The first opening to learn

Sep 15, 2011, 10:21 AM |

In my earlier post, 80 percentile openings, I looked at the 15 most common four half moves. All these 15 lines begin with either e4 or d4, as these two first moves are used in 46 % and 35 % of all openings, respectively. After systematically going through all these 80 percentile lines, I now easily remember them all. So, I decided the next step would be to dive into one of them, and learn a little deeper. But which one?

Being someone who prefer more objective criteria, rather than just going at random, I've decided to dive into the King's Knight Opening: Normal Variation. The one that goes 1 e4 e5, 2. Nf3 Nc6. Why? Because, of the 15 lines, only 2 of them, King's Knight Opening: Normal Variation and French Defense: Advance Variation, Steinitz Variation didn't expand after four half moves. What I mean by that, is that these 2 lines had only one 80 percentile move after their second half move, and until the forth. And being rather new to all this opening theory, I though I'd better choose a line with not too much to remember.

So why not the French Defense? Well, for two reasons. First, the King's Knight Opening is more common, so there is a higher chance of seeing it at the chess board. Secondly, while there are two 80 percentile replies to the forth half move in both of these openings, the most common reply to the King's Knight Opening is almost 5 times as likely to occur as the second most common, whereas the most common reply to the French Defense isn't even twice as likely to occur as the second most common reply. This means that, with the King's Knight Opening, we can justify looking at only the main line, and - for now at least - neglect the second most common line. Doing this with the French Defense, and we could easily find ourselves in unknown territory after just 5 half moves. So, the King's Knight Opening it is. Let's dive in!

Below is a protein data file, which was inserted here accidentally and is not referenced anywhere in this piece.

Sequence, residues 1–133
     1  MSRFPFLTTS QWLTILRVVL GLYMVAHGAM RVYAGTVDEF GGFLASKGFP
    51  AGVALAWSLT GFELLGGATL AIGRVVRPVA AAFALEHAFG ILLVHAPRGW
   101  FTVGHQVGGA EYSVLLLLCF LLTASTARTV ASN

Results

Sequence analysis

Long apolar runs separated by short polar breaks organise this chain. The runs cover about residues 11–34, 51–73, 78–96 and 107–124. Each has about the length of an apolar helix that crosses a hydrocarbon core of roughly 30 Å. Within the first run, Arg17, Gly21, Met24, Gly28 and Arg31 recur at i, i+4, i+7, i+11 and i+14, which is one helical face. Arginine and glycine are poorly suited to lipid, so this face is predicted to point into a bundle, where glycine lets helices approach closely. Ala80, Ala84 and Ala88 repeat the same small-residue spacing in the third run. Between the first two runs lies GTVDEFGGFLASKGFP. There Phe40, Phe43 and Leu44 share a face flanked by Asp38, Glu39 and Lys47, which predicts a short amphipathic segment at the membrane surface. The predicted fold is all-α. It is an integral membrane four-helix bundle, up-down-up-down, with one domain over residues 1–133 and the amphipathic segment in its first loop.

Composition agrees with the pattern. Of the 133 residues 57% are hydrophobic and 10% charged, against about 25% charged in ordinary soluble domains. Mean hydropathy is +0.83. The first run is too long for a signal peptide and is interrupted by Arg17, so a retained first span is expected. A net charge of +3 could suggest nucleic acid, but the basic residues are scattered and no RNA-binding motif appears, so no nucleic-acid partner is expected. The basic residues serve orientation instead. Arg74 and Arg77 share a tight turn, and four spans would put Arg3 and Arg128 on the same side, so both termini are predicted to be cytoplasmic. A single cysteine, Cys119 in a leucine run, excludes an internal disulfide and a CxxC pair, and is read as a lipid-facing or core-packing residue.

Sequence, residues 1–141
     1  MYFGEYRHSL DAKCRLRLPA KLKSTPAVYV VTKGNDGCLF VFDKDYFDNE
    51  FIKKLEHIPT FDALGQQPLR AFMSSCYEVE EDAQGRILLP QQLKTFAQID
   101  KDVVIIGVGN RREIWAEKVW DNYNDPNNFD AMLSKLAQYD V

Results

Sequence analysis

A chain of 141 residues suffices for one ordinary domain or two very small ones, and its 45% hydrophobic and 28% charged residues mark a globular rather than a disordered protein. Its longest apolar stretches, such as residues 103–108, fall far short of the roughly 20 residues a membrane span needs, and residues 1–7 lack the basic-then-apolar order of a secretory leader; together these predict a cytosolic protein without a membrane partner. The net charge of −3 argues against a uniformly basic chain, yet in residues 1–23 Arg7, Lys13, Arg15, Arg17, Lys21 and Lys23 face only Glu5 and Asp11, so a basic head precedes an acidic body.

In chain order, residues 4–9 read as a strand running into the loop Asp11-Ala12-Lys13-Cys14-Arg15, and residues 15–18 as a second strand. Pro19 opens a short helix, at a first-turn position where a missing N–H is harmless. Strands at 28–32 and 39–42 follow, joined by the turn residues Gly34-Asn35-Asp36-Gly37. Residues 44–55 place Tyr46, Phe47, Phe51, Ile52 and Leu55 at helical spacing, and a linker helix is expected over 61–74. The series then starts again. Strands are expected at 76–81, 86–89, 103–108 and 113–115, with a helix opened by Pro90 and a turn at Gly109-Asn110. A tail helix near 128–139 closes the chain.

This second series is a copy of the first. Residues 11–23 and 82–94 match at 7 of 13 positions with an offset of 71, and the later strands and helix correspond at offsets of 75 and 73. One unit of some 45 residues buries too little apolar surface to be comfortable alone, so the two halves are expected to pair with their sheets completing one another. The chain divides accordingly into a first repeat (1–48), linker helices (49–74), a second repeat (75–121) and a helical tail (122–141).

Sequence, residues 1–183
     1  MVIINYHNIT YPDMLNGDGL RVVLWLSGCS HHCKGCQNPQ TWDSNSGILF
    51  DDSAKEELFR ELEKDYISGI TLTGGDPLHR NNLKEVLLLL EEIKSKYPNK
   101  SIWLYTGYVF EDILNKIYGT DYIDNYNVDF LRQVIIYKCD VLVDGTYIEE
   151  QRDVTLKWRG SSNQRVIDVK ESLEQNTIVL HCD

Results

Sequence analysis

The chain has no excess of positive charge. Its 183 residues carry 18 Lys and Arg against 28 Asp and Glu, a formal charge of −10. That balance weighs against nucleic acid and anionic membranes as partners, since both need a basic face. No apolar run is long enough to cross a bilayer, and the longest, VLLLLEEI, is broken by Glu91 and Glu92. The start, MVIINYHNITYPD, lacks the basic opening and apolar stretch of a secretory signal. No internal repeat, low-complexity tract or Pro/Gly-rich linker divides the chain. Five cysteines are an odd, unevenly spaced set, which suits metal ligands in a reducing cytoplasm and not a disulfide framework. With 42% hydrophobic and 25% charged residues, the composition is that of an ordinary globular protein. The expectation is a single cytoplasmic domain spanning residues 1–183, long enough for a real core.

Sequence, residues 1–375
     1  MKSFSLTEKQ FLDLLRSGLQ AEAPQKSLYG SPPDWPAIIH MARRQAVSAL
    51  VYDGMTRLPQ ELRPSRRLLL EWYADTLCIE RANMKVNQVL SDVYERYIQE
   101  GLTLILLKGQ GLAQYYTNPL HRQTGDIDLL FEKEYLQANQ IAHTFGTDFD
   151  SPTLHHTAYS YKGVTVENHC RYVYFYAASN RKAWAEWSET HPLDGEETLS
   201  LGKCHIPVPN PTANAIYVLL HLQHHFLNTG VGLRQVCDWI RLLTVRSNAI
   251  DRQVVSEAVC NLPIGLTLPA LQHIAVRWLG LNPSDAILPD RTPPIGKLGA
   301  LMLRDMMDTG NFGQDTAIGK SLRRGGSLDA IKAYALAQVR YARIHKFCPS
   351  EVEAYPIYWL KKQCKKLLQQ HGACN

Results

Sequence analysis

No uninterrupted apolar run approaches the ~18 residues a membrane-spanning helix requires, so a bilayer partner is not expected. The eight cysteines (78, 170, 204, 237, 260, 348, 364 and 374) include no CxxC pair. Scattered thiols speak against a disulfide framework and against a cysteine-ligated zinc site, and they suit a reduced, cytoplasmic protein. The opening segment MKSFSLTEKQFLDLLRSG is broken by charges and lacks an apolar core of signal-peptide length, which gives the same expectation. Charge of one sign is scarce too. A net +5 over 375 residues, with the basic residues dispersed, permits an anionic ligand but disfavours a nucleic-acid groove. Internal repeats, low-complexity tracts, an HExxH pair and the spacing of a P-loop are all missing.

The first four moves goes like this: 1. e4 e5, 2. Nf3 Nc6, and looks like shown below: 



And in this position we are seemingly at cruising altitude, and can almost turn on the automatic pilot for the next 6 moves (12 half moves). The most common reply by White in this position is 3. Bb5, which occurs in no less than 68 % of all master games in the database. So, this is the line we will look at. It's called the Ruy Lopez (C60)

After 3. Bb5, we will likely see 3...a6, as this is the reply in 77 % of all cases. And with the White Bishop of Vanity now threatened, the next move is as good as obvious. It's 4. Ba4. The only other move really worth considering is 4. Bxc6, but this only occurs in 11 % of all games, compared to 88 % for 4. Ba4. With 4. Bxc6 we would be on our way down the Ruy Lopez: Exchange Variation (C68), but we are sticking to 4. Ba4: the Ruy Lopez: Columbus Variation (C68)

What's Black's reply? 4...Nf6, of course! Developing a piece, while threatening to capture the White pawn on e4. This is the reply in 87 % of the games in the database. So, will White defend his central pawn on e4? The answer is: most likely not! The 3 moves defending the pawn on e4 - 5. d3, 5. Qe2 and 5. Nc3 - only occur in 11 % of all the games, added together. Instead, expect White to play 5. O-O, leaving the fate of his e4 pawn in the hands of Black's Knight. There is an 86 % chance of seeing this move, and the position is now called the Ruy Lopez: Morphy Defense (C78)